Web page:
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First, two simple principles: (A) For any given dimension, treat the next highest dimension as its “time.” (B) Mapping out how the state of a given dimension changes over “time” gives you a visualization of the next highest dimension.

To make it easier, I start from the smallest and work highest. Going the other way hurts my head.

To keep it short, I’ll run through 8 or 9 dimensions. The three dimensions we live in are numbers 4, 5 and 6. (Dimension 6 is the really interesting one to me.)

0. Start with a singularity of zero dimension. It’s just a reference point, such as the intersection of two lines or three planes. It’s a point.

1. Map out how that point changes over time. You now have a 1-dimensional line.

2. Map out how that line changes over time. You now have a 2-dimensional plane.

3. Map out how that plane changes over time. You now have a 3-dimensional space.

4. Map out how that space changes over time. Imagine each new instance of that space as an infinitesimal point. You now have a 4-dimensional line, with each point on that line being how the entire 3-dimensional space was at any given moment.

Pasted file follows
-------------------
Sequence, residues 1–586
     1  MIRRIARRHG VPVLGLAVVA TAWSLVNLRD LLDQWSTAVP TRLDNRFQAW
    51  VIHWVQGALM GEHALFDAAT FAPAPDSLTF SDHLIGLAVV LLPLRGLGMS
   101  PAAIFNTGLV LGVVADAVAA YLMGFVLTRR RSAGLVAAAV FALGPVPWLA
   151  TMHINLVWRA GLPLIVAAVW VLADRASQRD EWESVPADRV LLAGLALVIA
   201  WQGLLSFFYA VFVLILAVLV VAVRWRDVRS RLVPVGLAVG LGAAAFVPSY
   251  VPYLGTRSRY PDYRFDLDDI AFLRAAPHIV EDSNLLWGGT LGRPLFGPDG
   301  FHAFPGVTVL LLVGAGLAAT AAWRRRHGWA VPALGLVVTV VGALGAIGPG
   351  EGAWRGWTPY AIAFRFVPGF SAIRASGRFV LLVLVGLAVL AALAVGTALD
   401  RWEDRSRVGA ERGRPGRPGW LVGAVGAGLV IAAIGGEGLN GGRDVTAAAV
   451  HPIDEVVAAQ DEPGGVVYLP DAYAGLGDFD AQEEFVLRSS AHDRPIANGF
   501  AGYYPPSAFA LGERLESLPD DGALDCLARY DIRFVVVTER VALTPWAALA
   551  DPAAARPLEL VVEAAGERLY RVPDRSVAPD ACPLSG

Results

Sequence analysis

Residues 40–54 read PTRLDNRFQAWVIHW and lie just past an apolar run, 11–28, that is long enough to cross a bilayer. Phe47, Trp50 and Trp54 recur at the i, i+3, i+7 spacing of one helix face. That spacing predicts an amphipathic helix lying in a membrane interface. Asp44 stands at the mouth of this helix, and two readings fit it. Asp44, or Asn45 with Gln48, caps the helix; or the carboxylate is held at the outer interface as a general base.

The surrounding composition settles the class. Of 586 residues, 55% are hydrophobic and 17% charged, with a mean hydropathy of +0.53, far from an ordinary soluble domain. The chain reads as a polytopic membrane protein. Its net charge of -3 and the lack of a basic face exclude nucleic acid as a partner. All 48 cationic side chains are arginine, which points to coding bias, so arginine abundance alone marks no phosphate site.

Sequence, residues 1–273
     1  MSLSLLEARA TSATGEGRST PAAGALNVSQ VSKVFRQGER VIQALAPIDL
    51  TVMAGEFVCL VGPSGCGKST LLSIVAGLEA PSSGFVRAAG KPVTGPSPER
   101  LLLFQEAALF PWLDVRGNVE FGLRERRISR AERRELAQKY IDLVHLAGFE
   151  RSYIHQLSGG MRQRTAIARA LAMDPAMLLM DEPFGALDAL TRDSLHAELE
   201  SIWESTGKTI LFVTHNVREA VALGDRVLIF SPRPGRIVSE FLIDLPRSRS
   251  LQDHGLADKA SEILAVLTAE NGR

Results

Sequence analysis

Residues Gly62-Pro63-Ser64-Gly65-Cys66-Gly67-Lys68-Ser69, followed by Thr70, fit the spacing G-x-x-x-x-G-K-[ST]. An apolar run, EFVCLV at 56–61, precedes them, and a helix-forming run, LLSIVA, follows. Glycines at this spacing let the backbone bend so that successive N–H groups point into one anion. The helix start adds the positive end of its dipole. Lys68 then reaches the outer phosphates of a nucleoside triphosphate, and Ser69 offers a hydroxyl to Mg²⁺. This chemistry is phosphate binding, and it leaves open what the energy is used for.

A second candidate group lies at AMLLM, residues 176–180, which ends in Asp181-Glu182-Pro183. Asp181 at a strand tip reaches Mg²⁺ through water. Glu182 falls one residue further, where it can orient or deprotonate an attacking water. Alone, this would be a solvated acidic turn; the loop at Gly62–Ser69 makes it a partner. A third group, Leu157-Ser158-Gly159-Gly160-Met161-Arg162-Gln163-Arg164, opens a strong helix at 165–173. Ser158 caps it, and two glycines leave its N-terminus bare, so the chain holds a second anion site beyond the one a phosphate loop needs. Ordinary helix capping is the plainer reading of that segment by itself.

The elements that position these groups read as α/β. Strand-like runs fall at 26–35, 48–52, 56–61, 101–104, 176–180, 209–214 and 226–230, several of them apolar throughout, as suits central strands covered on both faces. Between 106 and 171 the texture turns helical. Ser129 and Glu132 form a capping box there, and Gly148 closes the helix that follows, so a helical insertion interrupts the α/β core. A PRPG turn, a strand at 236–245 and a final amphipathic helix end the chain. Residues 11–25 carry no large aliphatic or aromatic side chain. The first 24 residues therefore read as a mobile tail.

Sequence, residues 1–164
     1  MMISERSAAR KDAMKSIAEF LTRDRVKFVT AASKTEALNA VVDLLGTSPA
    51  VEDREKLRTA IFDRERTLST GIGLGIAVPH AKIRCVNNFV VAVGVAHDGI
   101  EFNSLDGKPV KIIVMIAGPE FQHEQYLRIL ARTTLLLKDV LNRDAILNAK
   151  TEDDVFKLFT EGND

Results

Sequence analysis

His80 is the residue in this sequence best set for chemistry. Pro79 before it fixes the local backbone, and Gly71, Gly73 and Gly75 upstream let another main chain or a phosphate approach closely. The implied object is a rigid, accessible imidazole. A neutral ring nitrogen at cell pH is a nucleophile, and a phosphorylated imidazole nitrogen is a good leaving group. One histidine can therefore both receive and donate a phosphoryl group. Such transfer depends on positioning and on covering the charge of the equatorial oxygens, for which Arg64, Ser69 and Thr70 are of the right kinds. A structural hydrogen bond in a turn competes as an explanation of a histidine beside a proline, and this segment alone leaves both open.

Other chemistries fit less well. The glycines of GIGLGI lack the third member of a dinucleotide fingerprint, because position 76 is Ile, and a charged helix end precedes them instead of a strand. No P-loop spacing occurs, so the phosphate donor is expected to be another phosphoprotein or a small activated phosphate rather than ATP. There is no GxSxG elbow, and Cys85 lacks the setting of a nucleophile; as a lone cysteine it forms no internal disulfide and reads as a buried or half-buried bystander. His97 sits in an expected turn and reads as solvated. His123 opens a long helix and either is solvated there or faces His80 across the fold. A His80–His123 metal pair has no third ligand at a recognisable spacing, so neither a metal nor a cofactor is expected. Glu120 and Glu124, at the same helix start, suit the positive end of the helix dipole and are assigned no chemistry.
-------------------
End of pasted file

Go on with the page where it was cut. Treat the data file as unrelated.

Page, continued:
5. Map out how that 4-dimensional line changes over its time, and you now have a 5-dimensional plane.

6. Map out how that 5-dimensional plane changes over its time, and you now have a 6-dimensional field. Think of this as what we normally think of as the 3-dimensional space we experience.

Each infinitesimal point in that 6-dimensional field is a 3-dimensional space of its own. This helps me visualize how nearby points in a field react as they do -- they’re not different things spookily acting at a distance, but are instead just the same 3-dimensional sphere (or whatever) reacting to something over its “time.”

7. Map out how that 6-dimensional field changes over time, and you now have a 7-dimensional thing that we refer to as “spacetime.”

8. I need another dimension on top of that, an 8th dimension, for a sort of Bohm pilot wave that helps me imagine a photon trying out various pathways in its phase space, outside of time, perhaps interfering with each other as in a 2-slit experiment, then traveling down one of those pathways in the spacetime we experience. (See discussion at https://www.physicsforums.com/showthread.php?t=148050&page=5 )

Like I said, I’m not in any way saying this is RIGHT, just that it helps me deal with the concepts. I’d love to hear what works for others.